I live in an area where most of the residents are college graduates, and (in theory) believe they are more “intellectual” than those who live in the rural area I once called home.
That’s bull hockey.
After people watching for a short time I can state this as a fact. The people who shot through the barricade either believed the rules of the road don’t apply, or they are not paying attention, or they didn’t give a tinker’s you-know-what.
Had an oak tree fallen across the road in my home town a group of good old boys would have showed up with a wench and six or ten chainsaws. They would have yanked that tree off the line in no time. They would have restored the power in record time. They would have done it all not because they are college graduates, or because they needed someone else to remove the tree, but because they knew what needed to be done.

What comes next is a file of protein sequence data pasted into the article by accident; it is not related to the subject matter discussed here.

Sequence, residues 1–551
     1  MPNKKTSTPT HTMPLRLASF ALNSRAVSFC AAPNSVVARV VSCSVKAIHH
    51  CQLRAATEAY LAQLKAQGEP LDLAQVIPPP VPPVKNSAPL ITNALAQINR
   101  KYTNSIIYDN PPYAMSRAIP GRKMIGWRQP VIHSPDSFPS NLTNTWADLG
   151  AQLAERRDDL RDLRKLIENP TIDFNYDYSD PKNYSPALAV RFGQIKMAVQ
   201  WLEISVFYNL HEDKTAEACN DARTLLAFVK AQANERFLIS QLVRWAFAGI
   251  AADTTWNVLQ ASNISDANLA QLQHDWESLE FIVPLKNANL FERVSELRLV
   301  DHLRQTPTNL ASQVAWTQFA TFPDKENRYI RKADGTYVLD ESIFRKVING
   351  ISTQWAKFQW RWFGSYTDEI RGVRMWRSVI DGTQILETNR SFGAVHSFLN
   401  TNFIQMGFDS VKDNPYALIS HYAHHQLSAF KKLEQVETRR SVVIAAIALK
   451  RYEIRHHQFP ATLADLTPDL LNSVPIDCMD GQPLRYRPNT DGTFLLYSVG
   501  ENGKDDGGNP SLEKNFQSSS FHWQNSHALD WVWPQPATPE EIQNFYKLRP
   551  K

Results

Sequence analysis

Oh, they also would have blocked the road with their vehicle and dared another human being to cross their barricade.
Renea Winchester is the award-winning author of In the Garden with Billy: Lessons About Life, Love & Tomatoes. In 2012 she released Stress-Free Marketing: Practical Advice for the Newly Published Author. 2014 will see the release of In the Kitchen with Billy: Farming, Friends & Fried Bologna Sandwiches. She is currently working on her first novel. She would love to hear from you. Visit her at www.reneawinchester.com